Nurses' leaders warn 15,000 vacancies need to be filled

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Nursing leaders are warning that the Government will fail to meet its new targets for improving heart disease and cancer treatment unless it stops the drain of experienced nurses from the National Health Service.

Nursing leaders are warning that the Government will fail to meet its new targets for improving heart disease and cancer treatment unless it stops the drain of experienced nurses from the National Health Service.

The Royal College of Nursing, launching its evidence to the pay review body yesterday, said that although last year's pay increase for newly qualified nurses had improved recruitment it had done nothing to encourage experienced nurses to stay in the profession.

The RCN has found that almost three-quarters of nurses believe they could be paid more for less effort if they left nursing; better pay was the single most important factor that would help to keep experienced nurses. Only 15,000 nurses received the full pay award of 12 per cent last year, 70,000 received 8 per cent and the remaining 215,000 received 4.7 per cent. There are 15,000 nursing vacancies in the NHS, the most for more than a decade.

"The new Health Secretary will not be able to address his new targets on treating people with heart disease and cancer if the NHS can't hold on to experienced nurses," said Christine Hancock, the RCN general secretary. "You can't do cardiac surgery unless you have got intensive care nurses."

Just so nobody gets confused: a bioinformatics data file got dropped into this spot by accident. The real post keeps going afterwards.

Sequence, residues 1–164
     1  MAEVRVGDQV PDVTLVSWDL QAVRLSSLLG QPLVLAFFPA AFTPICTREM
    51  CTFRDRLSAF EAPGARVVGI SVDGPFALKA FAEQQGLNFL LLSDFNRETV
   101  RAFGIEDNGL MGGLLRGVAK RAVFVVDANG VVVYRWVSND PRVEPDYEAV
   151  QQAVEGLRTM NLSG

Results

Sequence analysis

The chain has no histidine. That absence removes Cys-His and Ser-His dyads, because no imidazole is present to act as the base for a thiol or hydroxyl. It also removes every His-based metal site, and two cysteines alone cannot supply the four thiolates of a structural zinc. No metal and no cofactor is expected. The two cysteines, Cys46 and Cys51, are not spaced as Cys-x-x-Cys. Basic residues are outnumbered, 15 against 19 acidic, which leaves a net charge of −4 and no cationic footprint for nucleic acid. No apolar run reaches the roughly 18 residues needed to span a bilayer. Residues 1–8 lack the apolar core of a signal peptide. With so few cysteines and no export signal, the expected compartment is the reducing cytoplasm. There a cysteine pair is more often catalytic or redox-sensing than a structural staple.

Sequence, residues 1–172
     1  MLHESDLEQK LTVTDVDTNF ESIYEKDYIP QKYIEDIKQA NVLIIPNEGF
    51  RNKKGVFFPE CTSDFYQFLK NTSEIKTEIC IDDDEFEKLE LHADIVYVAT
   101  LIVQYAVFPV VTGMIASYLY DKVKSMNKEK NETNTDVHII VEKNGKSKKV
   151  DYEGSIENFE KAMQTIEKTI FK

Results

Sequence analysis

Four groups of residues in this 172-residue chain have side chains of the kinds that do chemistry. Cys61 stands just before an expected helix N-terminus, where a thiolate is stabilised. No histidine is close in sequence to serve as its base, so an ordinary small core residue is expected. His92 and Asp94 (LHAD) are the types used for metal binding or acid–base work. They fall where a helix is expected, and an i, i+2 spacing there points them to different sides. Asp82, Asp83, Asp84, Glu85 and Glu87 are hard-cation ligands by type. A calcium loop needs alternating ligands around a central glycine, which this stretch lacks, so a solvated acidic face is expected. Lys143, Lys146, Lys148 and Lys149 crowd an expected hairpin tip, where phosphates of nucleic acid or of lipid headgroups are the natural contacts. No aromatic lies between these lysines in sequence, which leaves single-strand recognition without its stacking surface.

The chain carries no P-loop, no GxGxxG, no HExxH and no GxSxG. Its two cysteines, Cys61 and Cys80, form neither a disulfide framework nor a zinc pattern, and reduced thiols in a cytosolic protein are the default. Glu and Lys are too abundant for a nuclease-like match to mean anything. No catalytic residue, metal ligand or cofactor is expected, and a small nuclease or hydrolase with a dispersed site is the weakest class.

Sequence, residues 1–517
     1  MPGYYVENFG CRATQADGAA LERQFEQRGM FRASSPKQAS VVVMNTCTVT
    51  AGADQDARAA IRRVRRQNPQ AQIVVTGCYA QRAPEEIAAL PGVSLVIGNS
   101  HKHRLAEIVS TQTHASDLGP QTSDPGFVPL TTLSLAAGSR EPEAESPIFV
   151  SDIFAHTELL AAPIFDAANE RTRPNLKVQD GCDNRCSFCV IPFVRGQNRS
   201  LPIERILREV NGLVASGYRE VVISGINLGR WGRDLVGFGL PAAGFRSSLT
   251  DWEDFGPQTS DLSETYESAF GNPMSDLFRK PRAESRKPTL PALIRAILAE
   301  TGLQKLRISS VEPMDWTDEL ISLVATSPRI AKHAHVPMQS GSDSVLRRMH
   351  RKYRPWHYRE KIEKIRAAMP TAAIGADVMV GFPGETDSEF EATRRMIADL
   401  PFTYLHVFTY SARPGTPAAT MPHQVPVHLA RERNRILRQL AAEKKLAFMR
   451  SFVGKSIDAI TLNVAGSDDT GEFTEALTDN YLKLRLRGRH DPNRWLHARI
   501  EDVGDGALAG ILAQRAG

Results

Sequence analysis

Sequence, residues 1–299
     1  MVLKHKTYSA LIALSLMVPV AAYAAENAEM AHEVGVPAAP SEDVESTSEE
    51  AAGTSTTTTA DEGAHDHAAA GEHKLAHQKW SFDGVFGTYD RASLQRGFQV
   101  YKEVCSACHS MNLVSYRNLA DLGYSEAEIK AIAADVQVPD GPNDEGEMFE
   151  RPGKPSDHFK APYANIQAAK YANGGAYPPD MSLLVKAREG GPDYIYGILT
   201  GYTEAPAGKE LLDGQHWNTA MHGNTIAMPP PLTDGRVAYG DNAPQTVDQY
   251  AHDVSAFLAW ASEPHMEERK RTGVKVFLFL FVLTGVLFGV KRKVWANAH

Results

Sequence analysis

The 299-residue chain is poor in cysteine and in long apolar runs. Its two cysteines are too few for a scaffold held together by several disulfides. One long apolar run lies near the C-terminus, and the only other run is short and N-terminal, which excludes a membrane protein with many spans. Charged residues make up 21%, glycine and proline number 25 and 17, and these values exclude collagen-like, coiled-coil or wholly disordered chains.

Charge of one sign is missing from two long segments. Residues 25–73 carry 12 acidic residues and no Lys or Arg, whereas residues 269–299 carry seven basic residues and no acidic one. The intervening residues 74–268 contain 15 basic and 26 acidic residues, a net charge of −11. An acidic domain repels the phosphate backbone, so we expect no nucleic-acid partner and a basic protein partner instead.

The survey, which was commissioned by the RCN, showed that experienced nurses in Grade E loved their jobs but were frustrated and felt under-valued.

More than 12,000 nurses leave the NHS every year, costing millions of pounds a year. "Even a 1 per cent reduction in the turnover of staff would save around £15m a year," said Steve Griffin, director of employment relations for the RCN.

He included lack of access to courses and problems with pay in the list of complaints, adding: "The E Grade is the one that suffered most and so the pay review body would be more than justified in giving some attention to this career grade."

But some experienced nurses have already had enough. Judith Middleton, a 26-year-old nurse from Kent, who has specialised in the treatment of intensive care patients, and works in London, has decided to leave the NHS after five years of service.

She is joining the Royal Navy as a nurse and will see her salary jump at least £5,000 from the £15,500 she is on now. She said that low morale, low pay and lack of career prospects had all contributed to her decision to leave. "I visited a military hospital and the difference in morale was huge," she said. "All the wards were fully staffed and it made a huge difference."

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